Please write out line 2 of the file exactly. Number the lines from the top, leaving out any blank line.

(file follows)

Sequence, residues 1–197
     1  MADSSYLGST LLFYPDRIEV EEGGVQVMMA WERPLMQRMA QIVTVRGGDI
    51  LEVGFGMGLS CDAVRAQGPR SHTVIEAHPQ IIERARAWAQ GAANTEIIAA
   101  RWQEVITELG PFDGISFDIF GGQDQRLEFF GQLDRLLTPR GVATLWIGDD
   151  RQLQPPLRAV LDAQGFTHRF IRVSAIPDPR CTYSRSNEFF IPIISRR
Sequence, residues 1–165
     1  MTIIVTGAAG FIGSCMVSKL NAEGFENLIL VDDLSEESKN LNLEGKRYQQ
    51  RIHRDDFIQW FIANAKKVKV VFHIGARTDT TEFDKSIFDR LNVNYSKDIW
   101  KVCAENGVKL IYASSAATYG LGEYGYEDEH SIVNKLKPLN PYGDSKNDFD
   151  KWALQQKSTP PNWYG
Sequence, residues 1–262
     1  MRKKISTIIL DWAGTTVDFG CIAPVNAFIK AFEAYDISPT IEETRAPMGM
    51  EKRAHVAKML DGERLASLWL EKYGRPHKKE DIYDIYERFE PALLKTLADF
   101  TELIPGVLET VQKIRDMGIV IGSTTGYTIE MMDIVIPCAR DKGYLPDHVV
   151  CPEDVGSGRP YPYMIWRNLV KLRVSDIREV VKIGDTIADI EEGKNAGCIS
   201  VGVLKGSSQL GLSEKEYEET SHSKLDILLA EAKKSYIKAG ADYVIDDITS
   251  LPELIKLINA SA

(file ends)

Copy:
     1  MADSSYLGST LLFYPDRIEV EEGGVQVMMA WERPLMQRMA QIVTVRGGDI